Cross-border provision of public services for Wales: Further and higher education - Welsh Affairs Committee Contents

Supplementary memorandum submitted by the Association of Colleges

  I am writing to clarify the AoC written submission for your Committee's inquiry into Cross-Border provision. Alun Michael MP highlighted paragraph 10 of our submission which stated the following:

    "The people who lose out from these rules and processes are Welsh-domiciled learners. English colleges are restricted in their ability to recruit and tailor their courses to local students, who are thereby pushed to study at Welsh colleges even if less convenient or less suitable. This applies in reverse to English domiciled learners who live close to Welsh colleges (for example near the Shropshire /Powys border)".

  As colleges based in England side are unable to advertise their courses direct to potential learners over the border, Wales-domiciled learners may be unaware of the full range of options available. We do not have any specific evidence, other than anecdotal, of potential learners remaining to study in Wales because of a lack of information about courses in England. It would be difficult to assess whether a student may have, in certain circumstances, taken an alternative course of action if they had been fully aware of all the options.

  We would argue, however, in order for student choice be maximised there needs to be a full range of information, advice and guidance available. We are pleased to note that, through Clause 66 of the Education and Skills Bill which is currently being considered by Parliament, a duty will be placed on schools to provide independent advice and guidance. We understand that this Clause applies to schools in England and Wales.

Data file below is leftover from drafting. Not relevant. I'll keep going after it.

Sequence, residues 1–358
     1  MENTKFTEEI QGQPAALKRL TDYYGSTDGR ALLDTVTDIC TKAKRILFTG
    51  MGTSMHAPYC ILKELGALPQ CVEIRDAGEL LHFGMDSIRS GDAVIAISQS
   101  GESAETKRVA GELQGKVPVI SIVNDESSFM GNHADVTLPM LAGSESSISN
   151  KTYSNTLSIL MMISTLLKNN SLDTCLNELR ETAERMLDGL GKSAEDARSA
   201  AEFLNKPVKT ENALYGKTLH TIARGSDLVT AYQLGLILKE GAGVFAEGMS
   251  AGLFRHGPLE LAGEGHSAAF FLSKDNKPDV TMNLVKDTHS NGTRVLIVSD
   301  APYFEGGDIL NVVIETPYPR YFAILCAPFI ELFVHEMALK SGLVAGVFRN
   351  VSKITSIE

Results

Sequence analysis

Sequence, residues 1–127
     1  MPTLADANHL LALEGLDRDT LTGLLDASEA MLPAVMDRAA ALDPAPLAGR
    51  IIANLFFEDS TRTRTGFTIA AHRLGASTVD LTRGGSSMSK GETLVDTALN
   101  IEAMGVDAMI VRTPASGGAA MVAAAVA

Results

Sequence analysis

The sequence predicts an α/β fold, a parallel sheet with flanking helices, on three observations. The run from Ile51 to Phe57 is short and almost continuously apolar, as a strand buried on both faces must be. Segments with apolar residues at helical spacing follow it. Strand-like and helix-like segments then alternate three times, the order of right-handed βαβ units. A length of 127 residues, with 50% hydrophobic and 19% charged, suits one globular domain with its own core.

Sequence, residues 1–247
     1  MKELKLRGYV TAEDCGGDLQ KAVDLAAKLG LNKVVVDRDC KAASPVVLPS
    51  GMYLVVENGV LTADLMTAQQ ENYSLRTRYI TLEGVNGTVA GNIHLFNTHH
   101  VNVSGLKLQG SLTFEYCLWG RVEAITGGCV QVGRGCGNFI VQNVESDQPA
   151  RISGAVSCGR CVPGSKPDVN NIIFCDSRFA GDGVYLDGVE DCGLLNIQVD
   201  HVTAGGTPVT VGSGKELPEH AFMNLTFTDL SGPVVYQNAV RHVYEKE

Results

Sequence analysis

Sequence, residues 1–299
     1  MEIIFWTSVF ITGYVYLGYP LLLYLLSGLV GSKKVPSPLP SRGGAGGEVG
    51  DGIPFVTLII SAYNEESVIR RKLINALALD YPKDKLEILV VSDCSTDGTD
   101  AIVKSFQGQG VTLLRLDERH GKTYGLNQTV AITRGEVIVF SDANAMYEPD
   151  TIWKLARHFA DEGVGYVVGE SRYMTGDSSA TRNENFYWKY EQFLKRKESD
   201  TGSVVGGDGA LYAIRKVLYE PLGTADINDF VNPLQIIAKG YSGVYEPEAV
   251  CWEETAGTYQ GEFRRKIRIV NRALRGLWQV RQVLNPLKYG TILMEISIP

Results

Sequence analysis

Mr Michael also asked for figures to show the trend in numbers of Wales and England-domiciled learners studying on the "other" side of the border to allow for a direct comparison. The information AoC supplied to the Committee was taken from the Learning and Skills Council's Individual Learner Record (ILR) whereas fforwm's figures came from the Welsh Assembly Government. AoC can only access the England ILR information already provided.

Julian Gravatt

Director of Funding and Development

26 June 2008

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